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The Adelaide Hills wine region was the first stop on my Australian wine adventure this week.  There are about 30 wineries, called Cellar Doors here, located in the Adelaide Hills region.  To many, the Adelaide Hills is known as Australia’s premier cool climate wine region.

hhwThis post marks a personal milestone for me – this trip to Hahndorf Hill Winery (HHW) is my very first visit to an Australian Winery.  In mapping out my tasting route for the weekend, I had HHW at the top of my list for several reasons – one of which was the fact that the winery practices biodynamic viticulture.  I don’t think I could have made a better choice to begin my wine adventures in Australia (except for the fact that I should have waited a couple days to get acclimated to the 14.5+ hour time difference).

HHW proprietors Larry Jacobs and Marc Dobson were gracious enough to allow me to schedule a personal tasting appointment.  Larry’s passion for his land, grapes and the resulting wine was infectious – I truly enjoy meeting people like Larry who exude absolute belief in what they do.  I was accompanied to HHW by two colleagues who are not avid wine drinkers, but both of whom were struck by Larry’s true passion for his wines.  me-and-larry

Our tasting began with a glass of fresh rain water from the rain storm that morning.  Yes, HHW captures and utilizes rain water due to the significant drought conditions in the Adelaide region.  How’s that for a sustainable, green practice.?.  From the rain water, we moved on to tasting the full line up of HHW wines.  A few of the notables include…

Rose 2008

13% alcohol.  $19 AU (~ $13 US)/bottle.  A very unique Rose made from Trollinger and Lemberger grapes.  Trollinger grapes are grown mainly in southern Germany, and Lemberger is grown extensively in Austria, where it is known as Blaufränkisch.  Hahndorf Hill Winery is the only grower and producer of these varietals in Australia.  On the nose I picked up raspberry, watermelon, and quince.  A dry Rose (which is the way Rose should be) with raspberry and light lime zest taste.  This would be an ideal wine for relaxing on the deck on a summer evening.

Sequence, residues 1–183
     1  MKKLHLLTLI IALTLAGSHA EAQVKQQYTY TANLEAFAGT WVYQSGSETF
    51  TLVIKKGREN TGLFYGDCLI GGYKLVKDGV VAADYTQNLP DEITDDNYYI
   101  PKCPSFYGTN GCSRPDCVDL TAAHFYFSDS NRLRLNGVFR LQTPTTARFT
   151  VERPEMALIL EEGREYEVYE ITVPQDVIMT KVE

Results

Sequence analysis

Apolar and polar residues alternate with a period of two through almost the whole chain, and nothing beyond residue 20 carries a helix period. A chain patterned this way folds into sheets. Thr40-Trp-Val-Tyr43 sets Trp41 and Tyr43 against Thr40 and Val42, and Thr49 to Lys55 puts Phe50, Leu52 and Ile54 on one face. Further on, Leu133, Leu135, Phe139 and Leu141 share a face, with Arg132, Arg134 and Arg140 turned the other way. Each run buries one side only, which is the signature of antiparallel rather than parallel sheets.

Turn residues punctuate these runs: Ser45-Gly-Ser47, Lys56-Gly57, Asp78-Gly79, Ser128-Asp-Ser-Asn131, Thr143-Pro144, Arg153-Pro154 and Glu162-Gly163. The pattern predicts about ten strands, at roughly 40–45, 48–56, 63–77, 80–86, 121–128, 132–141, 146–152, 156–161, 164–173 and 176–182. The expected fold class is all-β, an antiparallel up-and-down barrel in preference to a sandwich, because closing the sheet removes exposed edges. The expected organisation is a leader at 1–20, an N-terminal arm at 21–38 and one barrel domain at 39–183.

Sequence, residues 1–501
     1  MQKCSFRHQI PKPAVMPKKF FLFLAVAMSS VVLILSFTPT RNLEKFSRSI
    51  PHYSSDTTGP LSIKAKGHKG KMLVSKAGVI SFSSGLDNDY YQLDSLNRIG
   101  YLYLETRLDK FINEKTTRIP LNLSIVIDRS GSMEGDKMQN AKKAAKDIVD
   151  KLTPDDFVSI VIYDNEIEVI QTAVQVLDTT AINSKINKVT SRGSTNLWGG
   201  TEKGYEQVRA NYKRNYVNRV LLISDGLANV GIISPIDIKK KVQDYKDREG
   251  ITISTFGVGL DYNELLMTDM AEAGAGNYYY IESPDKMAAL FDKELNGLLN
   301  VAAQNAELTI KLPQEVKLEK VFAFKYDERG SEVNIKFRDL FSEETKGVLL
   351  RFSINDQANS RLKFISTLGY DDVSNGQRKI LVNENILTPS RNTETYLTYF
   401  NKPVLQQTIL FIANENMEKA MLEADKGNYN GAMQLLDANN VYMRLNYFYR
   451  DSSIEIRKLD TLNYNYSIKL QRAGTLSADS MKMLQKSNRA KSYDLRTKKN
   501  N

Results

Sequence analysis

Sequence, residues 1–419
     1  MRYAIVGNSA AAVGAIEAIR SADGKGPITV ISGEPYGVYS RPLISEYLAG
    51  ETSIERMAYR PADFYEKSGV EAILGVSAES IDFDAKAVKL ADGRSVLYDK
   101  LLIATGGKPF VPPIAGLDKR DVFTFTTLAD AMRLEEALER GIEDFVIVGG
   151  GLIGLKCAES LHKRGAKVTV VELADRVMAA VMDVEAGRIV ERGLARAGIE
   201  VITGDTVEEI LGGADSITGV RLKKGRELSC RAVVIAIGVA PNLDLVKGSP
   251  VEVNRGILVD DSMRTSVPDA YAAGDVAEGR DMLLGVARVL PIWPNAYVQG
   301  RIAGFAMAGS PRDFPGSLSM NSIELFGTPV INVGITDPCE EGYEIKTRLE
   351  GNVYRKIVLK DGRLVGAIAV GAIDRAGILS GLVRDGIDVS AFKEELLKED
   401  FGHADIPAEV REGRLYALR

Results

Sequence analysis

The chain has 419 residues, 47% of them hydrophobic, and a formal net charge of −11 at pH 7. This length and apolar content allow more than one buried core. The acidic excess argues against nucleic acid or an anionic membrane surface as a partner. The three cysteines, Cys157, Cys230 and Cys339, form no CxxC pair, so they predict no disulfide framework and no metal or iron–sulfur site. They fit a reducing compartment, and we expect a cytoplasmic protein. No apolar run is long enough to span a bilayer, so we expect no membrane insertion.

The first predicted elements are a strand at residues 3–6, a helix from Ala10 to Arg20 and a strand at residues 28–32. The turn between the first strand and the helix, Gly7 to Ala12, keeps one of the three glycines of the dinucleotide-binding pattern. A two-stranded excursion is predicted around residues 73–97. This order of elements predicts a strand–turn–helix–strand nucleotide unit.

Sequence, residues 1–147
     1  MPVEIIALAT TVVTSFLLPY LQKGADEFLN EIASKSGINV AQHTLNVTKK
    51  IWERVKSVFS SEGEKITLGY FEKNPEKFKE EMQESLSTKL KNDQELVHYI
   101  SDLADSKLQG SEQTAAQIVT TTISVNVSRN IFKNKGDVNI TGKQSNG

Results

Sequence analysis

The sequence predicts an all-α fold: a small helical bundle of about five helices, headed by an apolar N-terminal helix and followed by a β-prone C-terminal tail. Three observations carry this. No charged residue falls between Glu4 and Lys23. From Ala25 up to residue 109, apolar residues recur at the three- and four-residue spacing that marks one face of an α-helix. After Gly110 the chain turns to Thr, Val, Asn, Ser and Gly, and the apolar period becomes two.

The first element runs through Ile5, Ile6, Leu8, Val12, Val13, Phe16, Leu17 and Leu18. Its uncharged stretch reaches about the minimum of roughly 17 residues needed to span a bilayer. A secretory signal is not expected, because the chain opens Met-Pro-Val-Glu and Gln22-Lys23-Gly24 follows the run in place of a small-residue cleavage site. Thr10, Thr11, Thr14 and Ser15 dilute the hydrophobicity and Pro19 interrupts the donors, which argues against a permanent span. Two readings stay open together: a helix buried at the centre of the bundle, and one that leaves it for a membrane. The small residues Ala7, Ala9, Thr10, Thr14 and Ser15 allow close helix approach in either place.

Sauvignon Blanc 2008

This is the signature grape of the Adelaide Hills region.  13% alcohol.  $21AU (~ $15US)/bottle.  Nice pale straw color with tinges of gold.  Nose of lemon grass, flint, stone – solid acidity with lemon and lime in the mouth and a slight hint of bell pepper.  This was a much different Sauvignon Blanc that I expected from Australia.  This was more in the French style in terms of the mineral/flinty character.  This wine would definitely be a crowd pleaser at a summer gathering.    

White Mischief 2008

An interesting blend of Sauvignon Blanc, unoaked Chardonnay and Pinot Gris.  12.5% alcohol.  $19AU (~ $12 US)/bottle.  A ‘whiter’ straw color with abundant citrus, mineral, spice and floral component on the nose.  The Sauvignon Blanc dominated this blend in terms of the citrus on the nose.  Remarkably silky smooth mouth feel – different than the nose indicated it ‘would’ taste like.  The texture and smooth mouthfeel reminded me of a Werthers Original Candy. 

Shiraz 2005

14.5% alcohol.  $29AU ($21US)/bottle.  After my experience with the Molly Dooker Blue Eyed Boy last week, HHW’s Shiraz renewed my faith in the balance potential of this grape.  Dark purple color complimented by reasonable fruit nose of dark plums, blackberry, mocha and cinnamon.  Well structured and balanced with tastes of earth, dark berries and vanilla.   

hhw-rowsA couple of items I noted (and found interesting) during our visit:

  • Larry feels that Grüner Veltliner is “the most food friendly wine.”  That’s quite a statement – Not sure I totally agree, but this dude knows wine so I do give this statement significant credibility.  I now have this on my list to try as soon as I can find some here in Australia.
  • HHW brought Gruner Veltliner vines to Austrlia and their first vintage of GRU will be available next year.
  • Larry was very ‘aware’ of the influence (and importance) wine bloggers are having in the world of wine.  It always amazes me how many wine makers/winery owners seem disconnected from the social media/wine blogging world.  I appreciated the fact that Larry took the time to read thru my blog prior to my visit and was able to also recommend several other wine blogs that he reads.  He gets it!

My only disappointment with HHW is the fact that they currently do not have distribution in the United States.  I also wish that I had planned more time to stay for lunch and enjoy Marc and Larry’s wines on the patio overlooking the vineyard.

A great start to the week.  Barossa Valley next, then Yarra Valley next week!

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